Times have changed — our new women’s reporting team will change things ever more

Reach this week announced its intention to cover every Women’s Super League football match this season, hiring a seven-strong team to provide coverage similar to that enjoyed by the men’s game for decades. It will be headed up by Alice McKeegan, who has blazed a trail in regional sports journalism as head of football at the Manchester Evening News, leading one of the biggest sports desks in local journalism. Writing today for Behind Local News, Alice looks back on what’s happened so far — and what should happen next:

Alice McKeegan interviews Nemanja Vidic

Shortly after starting my role on the Manchester Evening News newsdesk, I arranged an interview with the Manchester United captain Nemanja Vidic through health contacts.

Following newsroom protocol, I informed the sports desk of the interview and I was told it would be passed on to one of the football reporters.

Rather than yield, I stressed the interview had been allocated to me and that my experience in journalism and interest in football made me eminently qualified to conduct the chat.

After more needless bartering, the sports desk accepted the interview should be done by me. Vidic was recovering from rupturing his anterior cruciate ligament, provided engaging copy on his recovery and the interview received national exposure after we went to print.

It is easy for an ‘outsider’ — I was the only woman on the MEN football desk at the time (writing one day a week and spending the other four on newsdesk ) — to feel cowed when they are attempting to make headway in the football journalism industry, but perceptions and attitudes have changed.

I experienced no trepidation in accepting the task of editing the football desk in March 2016, initially on an interim basis, as I have loved the sport and followed Manchester football avidly since I was a child.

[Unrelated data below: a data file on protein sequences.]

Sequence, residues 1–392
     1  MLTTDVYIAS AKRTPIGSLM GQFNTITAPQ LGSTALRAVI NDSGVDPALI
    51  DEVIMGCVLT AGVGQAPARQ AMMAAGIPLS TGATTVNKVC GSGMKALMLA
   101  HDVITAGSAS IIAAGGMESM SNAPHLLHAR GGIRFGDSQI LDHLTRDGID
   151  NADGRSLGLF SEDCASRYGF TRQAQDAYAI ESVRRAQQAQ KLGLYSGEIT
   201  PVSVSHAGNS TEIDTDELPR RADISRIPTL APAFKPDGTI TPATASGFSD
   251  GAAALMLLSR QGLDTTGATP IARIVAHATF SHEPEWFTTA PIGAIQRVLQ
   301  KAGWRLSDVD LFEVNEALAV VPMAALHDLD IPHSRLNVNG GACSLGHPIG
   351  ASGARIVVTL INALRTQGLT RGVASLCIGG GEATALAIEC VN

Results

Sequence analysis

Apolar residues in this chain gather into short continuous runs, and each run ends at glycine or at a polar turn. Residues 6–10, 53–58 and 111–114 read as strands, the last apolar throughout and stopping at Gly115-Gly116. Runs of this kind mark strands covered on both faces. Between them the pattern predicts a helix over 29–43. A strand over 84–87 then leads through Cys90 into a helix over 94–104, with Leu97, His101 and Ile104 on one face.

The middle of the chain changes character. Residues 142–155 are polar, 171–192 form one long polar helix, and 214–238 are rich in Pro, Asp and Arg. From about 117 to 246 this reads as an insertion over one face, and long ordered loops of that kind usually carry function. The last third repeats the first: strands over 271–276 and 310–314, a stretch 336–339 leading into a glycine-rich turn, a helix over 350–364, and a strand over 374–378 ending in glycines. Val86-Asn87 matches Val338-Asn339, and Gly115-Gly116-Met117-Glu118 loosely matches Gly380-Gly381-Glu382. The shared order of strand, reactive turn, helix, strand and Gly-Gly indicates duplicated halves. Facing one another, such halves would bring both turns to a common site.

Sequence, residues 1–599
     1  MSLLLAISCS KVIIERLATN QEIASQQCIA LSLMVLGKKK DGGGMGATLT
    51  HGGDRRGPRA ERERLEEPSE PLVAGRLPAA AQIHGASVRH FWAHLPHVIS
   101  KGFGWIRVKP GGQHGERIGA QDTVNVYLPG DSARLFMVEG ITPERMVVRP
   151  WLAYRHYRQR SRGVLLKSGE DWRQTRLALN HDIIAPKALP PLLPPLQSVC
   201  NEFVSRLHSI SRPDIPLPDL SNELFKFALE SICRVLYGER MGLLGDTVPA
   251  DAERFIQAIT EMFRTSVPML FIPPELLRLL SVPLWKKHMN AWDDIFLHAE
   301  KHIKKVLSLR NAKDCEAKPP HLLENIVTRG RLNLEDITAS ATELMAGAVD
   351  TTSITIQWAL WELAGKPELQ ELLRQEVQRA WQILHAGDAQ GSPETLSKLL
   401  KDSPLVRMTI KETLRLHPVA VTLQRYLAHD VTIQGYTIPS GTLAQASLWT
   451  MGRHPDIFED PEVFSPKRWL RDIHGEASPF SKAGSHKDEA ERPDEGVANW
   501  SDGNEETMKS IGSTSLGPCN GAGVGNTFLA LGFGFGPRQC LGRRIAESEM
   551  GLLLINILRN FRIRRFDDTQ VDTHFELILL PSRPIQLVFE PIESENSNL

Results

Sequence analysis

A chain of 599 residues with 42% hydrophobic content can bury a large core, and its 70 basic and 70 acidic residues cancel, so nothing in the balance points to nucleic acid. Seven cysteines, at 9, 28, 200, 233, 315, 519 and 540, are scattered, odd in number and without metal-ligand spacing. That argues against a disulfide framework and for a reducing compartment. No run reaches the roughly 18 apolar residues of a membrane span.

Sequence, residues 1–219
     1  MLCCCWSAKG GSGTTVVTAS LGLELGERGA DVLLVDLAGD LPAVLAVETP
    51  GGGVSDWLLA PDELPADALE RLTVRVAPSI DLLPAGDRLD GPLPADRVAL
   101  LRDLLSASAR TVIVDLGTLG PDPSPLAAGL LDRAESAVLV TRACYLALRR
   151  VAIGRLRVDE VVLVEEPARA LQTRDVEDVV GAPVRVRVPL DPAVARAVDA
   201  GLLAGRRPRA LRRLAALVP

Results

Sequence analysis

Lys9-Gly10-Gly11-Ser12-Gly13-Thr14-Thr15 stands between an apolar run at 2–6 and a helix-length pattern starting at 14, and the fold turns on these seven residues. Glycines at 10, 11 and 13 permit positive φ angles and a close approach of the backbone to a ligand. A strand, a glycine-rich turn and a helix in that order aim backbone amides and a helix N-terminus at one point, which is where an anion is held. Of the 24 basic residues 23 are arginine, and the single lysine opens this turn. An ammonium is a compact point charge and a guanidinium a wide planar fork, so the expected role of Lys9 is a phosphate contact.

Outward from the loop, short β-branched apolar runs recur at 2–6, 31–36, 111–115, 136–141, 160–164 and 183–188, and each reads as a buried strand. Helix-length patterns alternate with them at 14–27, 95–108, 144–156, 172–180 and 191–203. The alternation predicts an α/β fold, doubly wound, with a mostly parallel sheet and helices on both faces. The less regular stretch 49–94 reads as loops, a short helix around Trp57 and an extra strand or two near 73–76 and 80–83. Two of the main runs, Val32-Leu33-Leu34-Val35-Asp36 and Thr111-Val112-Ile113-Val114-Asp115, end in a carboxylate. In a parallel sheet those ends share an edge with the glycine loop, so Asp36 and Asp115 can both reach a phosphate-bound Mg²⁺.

I had been warming up for it for some time. My reporting background, editorial nous honed on a brilliant newsdesk and knowledge of the game gave me the confidence I could adapt to a unique challenge.

Still, walking a few paces further along the newsroom to a different desk comprising entirely of males was a culture shock. It was a unique time, as Pep Guardiola had already agreed to take over as City manager in the summer and the MEN had written extensively about the likelihood of Jose Mourinho becoming United manager. Overseeing the coverage of City and United was, and still is, a privilege.

Man-management is one of the skills I value the most, a specialty of my mother when she was a school teacher. She had the ability to gain the support of a classroom and, having observed her natural approach, I would like to think I have subconsciously developed that trait.

Nothing gives me greater satisfaction than unearthing a raw recruit who goes onto thrive in their career and I will always have that approach as long as I remain in football journalism.

Assuming the position of steering the MEN’s football coverage has allowed me to recruit a diverse range of talents over the last six-and-a-half years and football is, despite its insular nature at times, an evolving sport. The growth of the women’s game is also creating new opportunities, such as Reach’s new football roles, and I’m incredibly excited to help launch a new team to provide more in-depth coverage of the WSL and Women’s Championship.

Underrepresented groups are gaining greater exposure in football journalism and they have to become more prevalent. We have seen in this country how the game can enrapture communities, children and young adults and the buzz around the women’s game following England’s success at the Euros is proof that football is for all. Our coverage must reflect our readership and our reporting teams must also be diverse and representative of the wider community.

Providing a pathway for journalists to enter the football reporting industry, whatever their background, is a unique challenge and one I am dedicated to championing. Hopefully I’m an example that anyone can make the move to sports journalism, regardless of background.

  • In 2022, Behind Local News aims to celebrate local journalism in all its forms through our 365 Acts of Local Journalism Project. Lets us know what you think should be included. You can email us here or contact us via Twitter on BehindLocalNews or on Facebook here.

>> See the series so far, here



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Behind Local News

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